Eats Beat: Ageless Mexican Inn Cafe has new look, but old-school style
08/21/2014 12:00 AM
08/20/2014 6:35 PM
(Updated to correct opening date of the Henderson Street and Eighth Avenue locations.)
Just when you think Mexican Inn Cafe could never surprise you, it does.
The newest location in the local Tex-Mex restaurant chain has a huge menu, new dishes, an all-weather patio and a completely different look and feel from the older locations.
But one thing hasn’t changed: the chips.
Mexican Inn’s chips are small, puffy corn strips, like homemade Fritos.
If founder and legendary gambler Tiffin Hall ever told the history of his chip recipe, I’ve never seen it.
But his first Mexican Inn Cafe opened downtown in 1936, only four years after Mexican immigrant Gustavo Olguin sold a San Antonio investor his recipe for what became the Frito.
The combo plates are bigger now, with slightly higher prices. But a plate with three enchiladas and a taco or tamal still goes for less than $12.
The new menu adds smoked brisket tacos, enchiladas and burritos from Mexican Inn owner Chris Carroll’s other concept, Spring Creek Barbeque.
The four Fort Worth Inns include the 65-year-old No. 2 location at 612 N. Henderson St., where country singer Ernest Tubb stopped his tour bus for enchilada dinners, and a 66-year-old building at 1625 Eighth Ave. inherited from another early Tex-Mex restaurant.
Other locations are in Bedford, Burleson, Lake Worth and Mansfield.
A new location will be added next year in Keller next door to Spring Creek, Carroll said.
A new Tokyo
Tokyo Cafe, a west Fort Worth sushi landmark damaged in a June fire, will be demolished and rebuilt, owner Mary Kha-Ho confirmed this week.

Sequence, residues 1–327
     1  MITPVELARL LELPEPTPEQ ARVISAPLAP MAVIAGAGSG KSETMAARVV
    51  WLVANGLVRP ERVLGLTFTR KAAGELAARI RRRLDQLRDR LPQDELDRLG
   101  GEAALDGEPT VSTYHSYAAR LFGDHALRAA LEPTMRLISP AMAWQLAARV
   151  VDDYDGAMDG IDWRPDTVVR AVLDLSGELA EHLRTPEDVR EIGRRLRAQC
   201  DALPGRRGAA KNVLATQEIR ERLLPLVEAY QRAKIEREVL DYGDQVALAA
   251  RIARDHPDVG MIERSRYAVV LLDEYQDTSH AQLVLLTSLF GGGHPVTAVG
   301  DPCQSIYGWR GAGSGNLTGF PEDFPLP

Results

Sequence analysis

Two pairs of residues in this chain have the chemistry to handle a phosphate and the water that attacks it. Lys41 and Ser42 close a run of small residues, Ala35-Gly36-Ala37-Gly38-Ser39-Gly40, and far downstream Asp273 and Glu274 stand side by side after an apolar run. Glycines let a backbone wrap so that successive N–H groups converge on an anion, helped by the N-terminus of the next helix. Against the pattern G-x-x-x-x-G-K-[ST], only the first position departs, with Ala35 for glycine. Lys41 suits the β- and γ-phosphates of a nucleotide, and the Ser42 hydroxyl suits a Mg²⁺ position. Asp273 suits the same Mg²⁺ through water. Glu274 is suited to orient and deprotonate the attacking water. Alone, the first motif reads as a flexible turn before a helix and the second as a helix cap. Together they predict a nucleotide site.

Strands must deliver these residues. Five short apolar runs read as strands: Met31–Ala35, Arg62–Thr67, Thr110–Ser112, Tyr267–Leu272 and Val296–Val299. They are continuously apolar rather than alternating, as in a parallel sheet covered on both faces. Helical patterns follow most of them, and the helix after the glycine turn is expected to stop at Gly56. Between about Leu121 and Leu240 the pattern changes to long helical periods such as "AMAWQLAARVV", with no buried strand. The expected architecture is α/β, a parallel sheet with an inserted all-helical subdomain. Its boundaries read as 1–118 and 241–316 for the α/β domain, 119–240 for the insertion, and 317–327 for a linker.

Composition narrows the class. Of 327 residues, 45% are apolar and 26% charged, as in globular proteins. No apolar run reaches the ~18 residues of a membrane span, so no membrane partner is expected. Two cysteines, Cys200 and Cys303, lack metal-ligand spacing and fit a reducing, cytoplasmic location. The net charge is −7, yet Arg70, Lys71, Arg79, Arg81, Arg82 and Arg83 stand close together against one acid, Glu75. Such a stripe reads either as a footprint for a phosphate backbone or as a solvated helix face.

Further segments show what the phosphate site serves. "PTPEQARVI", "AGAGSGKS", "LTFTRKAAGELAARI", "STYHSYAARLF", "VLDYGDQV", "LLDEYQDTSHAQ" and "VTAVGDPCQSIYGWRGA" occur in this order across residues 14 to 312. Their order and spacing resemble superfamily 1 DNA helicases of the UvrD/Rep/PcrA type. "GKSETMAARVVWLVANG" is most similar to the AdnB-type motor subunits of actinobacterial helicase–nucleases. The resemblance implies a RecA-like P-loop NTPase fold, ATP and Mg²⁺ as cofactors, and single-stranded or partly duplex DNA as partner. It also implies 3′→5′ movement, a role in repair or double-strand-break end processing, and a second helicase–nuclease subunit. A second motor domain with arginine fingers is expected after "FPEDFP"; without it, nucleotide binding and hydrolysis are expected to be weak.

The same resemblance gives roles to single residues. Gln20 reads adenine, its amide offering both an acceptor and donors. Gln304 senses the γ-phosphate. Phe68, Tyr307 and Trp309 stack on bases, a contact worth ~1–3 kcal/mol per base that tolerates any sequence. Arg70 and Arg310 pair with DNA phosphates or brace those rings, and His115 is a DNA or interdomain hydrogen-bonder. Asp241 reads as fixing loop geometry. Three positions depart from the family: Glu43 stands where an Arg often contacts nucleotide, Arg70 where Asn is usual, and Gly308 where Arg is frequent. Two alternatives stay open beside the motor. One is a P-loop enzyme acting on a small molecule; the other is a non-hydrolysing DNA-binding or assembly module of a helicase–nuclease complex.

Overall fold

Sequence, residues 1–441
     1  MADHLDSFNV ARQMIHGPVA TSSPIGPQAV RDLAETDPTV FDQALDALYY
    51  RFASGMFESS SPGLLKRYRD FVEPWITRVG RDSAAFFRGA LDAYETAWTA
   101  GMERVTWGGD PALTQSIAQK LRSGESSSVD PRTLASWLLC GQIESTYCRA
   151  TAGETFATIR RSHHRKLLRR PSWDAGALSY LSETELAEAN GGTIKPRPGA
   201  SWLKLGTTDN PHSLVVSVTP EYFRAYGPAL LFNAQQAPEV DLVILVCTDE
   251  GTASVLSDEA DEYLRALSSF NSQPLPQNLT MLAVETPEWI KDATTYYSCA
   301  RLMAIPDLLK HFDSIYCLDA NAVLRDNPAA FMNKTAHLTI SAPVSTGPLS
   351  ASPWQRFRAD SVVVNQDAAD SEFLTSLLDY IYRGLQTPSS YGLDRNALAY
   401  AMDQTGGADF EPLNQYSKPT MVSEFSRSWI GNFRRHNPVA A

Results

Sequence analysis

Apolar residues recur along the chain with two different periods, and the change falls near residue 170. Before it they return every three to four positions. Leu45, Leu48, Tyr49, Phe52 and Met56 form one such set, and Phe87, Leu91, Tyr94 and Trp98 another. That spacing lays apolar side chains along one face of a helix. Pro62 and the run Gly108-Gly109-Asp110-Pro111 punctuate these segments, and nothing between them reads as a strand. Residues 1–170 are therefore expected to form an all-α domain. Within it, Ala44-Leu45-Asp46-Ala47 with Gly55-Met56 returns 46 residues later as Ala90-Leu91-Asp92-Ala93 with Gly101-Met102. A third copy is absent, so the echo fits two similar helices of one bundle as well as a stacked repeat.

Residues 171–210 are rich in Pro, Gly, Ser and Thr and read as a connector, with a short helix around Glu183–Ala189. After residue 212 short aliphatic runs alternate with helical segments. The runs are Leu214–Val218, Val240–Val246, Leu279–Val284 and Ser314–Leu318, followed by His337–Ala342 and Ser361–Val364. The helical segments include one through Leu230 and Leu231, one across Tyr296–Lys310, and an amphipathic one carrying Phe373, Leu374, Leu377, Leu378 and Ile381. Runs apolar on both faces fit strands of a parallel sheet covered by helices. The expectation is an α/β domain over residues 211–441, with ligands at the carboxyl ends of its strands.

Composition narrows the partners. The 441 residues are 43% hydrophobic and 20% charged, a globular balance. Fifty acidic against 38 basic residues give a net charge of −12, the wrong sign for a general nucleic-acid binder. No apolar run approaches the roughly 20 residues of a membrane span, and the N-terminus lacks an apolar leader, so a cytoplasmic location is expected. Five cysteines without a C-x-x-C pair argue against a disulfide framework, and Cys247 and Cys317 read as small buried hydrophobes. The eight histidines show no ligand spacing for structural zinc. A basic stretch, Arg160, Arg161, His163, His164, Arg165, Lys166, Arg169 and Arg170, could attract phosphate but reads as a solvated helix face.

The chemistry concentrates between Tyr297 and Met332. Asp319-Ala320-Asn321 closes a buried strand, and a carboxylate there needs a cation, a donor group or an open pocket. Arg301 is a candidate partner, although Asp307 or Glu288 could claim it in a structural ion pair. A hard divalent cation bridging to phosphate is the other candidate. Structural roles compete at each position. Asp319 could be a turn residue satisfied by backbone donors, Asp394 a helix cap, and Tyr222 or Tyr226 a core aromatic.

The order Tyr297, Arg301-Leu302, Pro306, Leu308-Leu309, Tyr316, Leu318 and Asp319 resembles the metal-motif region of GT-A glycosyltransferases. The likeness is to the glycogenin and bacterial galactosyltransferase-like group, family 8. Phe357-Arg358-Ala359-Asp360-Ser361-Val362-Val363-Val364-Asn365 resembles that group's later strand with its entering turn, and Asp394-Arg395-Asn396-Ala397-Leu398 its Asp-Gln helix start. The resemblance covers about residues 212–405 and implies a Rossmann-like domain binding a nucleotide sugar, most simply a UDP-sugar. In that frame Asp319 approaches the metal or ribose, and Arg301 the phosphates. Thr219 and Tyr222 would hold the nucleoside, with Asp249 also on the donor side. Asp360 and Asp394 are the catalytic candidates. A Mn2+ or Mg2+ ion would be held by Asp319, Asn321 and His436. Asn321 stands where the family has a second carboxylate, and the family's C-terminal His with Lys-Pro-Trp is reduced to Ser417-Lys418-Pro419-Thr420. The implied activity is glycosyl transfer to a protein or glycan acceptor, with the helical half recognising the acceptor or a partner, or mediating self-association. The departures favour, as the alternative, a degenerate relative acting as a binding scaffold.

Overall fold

The Ho family bought the 1971-vintage former Pizza Hut in 1997 after several other restaurants opened and closed.
Jarry Ho and Mary Kha-Ho also own Shinjuku Station in south Fort Worth and plan an Asian fusion restaurant near South Jennings Avenue. They have hosted one pop-up dinner at Shinjuku with Tokyo Cafe’s menu.
A second Bite
Bite City Grill, making a fast reputation for clever cocktails, is set to expand.
Chef Eddy Thretipthuangsin will open a Thai restaurant somewhere nearby in the Cultural District, he said this week through a spokeswoman.
Thretipthuangsin was the chef at Pakpao in Dallas before coming to Bite City, thriving with an American grill menu from his former restaurant in the Hamptons area of Long Island.
East Hampton Sandwich Co., a much-awarded Dallas sandwich chain, now reports an opening by early September at 1605 S. University Drive, near the new WestBend shops; ehsandwich.com.
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